People frequently call us and wondering if our alcohol treatment program will work; some have been through other programs and not found success.
In our experience, people often fall into a few categories of attitudes regarding their approach to treatment:
1) “I only sort of want help, and I want you to do all of the work. So I’ll say I want help, but don’t expect me to do much of anything.”
2) “I really don’t want help—I just want you to get someone (spouse, kids, parents, judge, employer, etc.) off my case. So I am going to sabotage whatever you try to do while I continue to insist that I really do want help. Good luck.”
3) “I really do want help, so what is it you need from me so I can work with you to get me moving forward and leaving alcohol abuse behind?”
We don’t think there is any mystery as to who is most apt to make progress, regardless which program they try. One obvious clue is in the question itself: “Will your program work?” We’re sorry, but we don’t have a magic wand, silver bullet, or miracle cure, nor does anyone else.
Mostly it will come down to you and how much you are willing to invest in yourself, how motivated you are, and how well the type of treatment you select matches your needs and preferences.
“Why go to treatment at all?” you ask. If you are in either of the first two categories, changing your attitude will greatly improve your chances of success. You will get your money’s worth if you can get yourself into a place of truly wanting to change, for your own sake, and of your own volition.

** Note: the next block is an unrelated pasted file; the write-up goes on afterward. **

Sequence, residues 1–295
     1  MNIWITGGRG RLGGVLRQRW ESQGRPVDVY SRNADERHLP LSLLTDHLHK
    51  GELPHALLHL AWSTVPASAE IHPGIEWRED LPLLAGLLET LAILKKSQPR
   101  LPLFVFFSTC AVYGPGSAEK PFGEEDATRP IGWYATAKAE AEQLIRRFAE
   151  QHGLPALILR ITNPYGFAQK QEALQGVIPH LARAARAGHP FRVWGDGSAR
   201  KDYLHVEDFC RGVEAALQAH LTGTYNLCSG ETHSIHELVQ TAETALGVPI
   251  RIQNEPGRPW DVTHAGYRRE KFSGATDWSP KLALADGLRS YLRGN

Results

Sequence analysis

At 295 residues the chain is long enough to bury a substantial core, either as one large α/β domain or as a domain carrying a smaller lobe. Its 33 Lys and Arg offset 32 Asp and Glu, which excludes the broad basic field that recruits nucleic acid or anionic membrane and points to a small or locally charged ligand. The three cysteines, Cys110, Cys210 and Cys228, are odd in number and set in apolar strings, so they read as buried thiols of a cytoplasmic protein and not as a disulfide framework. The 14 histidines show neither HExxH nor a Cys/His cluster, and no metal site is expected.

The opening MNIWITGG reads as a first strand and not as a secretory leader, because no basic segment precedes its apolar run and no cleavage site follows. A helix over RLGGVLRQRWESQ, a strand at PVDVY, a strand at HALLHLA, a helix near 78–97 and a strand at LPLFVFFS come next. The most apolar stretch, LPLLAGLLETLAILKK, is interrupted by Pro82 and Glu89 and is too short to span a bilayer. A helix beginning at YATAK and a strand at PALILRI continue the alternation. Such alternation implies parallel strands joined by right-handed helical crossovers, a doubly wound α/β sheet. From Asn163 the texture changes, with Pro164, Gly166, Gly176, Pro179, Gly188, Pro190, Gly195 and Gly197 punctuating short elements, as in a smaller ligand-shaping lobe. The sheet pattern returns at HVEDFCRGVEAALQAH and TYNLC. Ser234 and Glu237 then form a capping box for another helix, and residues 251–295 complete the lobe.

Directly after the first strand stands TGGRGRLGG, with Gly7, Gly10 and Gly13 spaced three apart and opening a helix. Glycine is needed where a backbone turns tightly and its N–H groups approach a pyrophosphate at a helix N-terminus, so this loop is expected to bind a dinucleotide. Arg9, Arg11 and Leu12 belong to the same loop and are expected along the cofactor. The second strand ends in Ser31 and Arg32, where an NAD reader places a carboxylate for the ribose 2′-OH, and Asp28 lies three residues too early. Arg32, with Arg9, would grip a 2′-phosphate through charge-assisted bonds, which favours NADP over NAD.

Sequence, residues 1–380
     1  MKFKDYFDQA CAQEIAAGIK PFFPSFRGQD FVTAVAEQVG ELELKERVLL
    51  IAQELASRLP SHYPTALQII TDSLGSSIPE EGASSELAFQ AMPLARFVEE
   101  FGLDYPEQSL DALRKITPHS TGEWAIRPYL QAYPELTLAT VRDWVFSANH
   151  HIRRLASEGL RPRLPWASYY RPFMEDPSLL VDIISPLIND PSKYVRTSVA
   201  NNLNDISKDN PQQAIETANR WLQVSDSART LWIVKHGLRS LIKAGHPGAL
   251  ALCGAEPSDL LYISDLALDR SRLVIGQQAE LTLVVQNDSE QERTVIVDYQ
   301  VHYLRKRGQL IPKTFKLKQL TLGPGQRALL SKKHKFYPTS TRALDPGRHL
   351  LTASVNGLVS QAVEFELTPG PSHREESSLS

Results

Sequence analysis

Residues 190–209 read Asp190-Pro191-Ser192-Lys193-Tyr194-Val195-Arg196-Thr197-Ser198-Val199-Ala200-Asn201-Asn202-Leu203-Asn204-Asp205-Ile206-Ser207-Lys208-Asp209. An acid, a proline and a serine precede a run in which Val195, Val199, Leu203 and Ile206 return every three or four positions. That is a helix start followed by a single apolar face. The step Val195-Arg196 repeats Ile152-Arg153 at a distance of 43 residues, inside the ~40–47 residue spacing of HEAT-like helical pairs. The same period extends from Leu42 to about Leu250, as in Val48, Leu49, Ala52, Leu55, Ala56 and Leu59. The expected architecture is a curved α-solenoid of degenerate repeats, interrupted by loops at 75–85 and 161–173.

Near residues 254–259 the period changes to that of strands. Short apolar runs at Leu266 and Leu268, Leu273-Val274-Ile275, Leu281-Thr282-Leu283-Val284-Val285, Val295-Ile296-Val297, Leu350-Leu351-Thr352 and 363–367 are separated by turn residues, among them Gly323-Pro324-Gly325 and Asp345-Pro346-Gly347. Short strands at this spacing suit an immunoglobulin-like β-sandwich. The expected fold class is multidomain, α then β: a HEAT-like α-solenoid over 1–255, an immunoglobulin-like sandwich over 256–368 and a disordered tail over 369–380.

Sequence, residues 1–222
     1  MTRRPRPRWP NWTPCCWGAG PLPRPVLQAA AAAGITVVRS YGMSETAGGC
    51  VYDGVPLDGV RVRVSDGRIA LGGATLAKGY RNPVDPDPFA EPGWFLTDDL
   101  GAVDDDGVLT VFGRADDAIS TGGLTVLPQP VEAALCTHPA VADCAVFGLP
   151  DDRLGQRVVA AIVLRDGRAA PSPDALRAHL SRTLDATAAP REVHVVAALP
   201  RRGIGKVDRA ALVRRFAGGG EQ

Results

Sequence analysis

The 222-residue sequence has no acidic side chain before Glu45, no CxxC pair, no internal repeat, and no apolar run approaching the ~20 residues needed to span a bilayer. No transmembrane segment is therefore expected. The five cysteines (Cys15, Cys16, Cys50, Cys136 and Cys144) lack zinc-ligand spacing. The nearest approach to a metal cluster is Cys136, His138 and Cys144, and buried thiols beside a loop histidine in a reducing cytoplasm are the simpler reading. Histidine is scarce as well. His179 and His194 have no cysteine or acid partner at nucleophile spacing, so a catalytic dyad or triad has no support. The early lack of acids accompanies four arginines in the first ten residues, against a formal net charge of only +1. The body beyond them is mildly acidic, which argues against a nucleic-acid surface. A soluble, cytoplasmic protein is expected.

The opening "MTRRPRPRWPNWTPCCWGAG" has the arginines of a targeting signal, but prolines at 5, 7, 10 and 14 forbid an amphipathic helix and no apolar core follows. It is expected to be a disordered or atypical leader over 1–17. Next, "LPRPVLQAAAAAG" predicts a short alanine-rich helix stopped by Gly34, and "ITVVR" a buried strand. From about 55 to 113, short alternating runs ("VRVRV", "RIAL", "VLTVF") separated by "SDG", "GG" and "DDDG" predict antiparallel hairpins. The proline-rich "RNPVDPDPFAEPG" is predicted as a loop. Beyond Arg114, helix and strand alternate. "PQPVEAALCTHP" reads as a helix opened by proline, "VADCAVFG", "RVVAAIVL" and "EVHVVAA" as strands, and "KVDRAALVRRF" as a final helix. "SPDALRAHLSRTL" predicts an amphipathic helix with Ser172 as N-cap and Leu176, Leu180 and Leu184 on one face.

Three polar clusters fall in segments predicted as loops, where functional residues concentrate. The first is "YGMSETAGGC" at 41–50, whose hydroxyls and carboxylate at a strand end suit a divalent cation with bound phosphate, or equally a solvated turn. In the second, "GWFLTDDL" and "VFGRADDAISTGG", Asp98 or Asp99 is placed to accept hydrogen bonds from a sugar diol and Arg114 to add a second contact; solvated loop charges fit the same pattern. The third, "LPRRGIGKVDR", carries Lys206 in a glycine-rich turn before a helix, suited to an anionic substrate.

If you do want to improve your life, the right treatment program will save you a lot of wasted time and effort while introducing you to options you probably didn’t realize you had. Good treatment is also about giving you permission to live your life, not someone else’s.
If you want to leave alcohol behind, as a life focus, or moderate your drinking, or prefer to be in charge of your own life, then you’ll want to select one of the few possibilities that that will work with you as a person, not as an “alcoholic.” These programs will help you refocus your life, expand your interests, coping skills, and perspectives. The best ones will be individually tailored to you.
“Will this program work?” It will if you want it to. If you select one that matches your needs and perspective, and if you are willing to participate in your own recovery, it can work. If you aren’t will to participate in y our recovery, no program, no matter how much you pay, or how much they pamper you, will change anything for more than the duration of your stay. No one can root alcohol abuse out of your life for you any more than the best personal trainer can lose weight for you.
If you are serious about overcoming your alcohol problems, hire the best help you can get, just like you do with your physician, trainer, or coach. Listen, learn, question, and take charge of the changes you are making. Your life really can become your own personal renovation project, and the end product can be even more rewarding than any television “reality” transformation.
© Copyright 2010 by Edward Wilson, Ph.D., MAC, therapist in Rolling Hills Estates, California. All Rights Reserved. Permission to publish granted to GoodTherapy.org.
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